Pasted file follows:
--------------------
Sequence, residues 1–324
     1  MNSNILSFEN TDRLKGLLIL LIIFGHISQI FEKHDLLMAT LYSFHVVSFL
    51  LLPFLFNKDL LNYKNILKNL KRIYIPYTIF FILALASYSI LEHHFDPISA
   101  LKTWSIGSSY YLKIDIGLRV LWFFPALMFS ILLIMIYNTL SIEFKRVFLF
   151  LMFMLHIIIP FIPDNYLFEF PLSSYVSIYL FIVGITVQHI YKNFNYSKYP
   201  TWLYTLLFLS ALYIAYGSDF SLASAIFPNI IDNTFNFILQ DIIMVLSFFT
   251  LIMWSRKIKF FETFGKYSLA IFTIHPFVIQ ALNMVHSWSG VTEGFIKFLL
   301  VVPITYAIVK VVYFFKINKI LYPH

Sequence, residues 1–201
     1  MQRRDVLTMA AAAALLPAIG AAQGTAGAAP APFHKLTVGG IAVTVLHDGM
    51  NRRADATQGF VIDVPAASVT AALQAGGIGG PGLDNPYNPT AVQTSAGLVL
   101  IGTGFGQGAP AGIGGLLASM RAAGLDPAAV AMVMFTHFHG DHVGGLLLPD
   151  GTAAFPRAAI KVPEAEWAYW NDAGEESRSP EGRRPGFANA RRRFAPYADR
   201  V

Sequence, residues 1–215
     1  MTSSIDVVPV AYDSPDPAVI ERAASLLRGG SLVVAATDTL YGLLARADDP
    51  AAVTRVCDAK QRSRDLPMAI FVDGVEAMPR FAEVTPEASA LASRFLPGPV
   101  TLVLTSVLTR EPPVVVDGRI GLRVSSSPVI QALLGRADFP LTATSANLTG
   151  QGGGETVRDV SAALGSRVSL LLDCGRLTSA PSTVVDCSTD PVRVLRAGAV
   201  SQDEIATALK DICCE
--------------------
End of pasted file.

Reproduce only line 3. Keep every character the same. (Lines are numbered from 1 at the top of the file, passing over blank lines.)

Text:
    51  LLPFLFNKDL LNYKNILKNL KRIYIPYTIF FILALASYSI LEHHFDPISA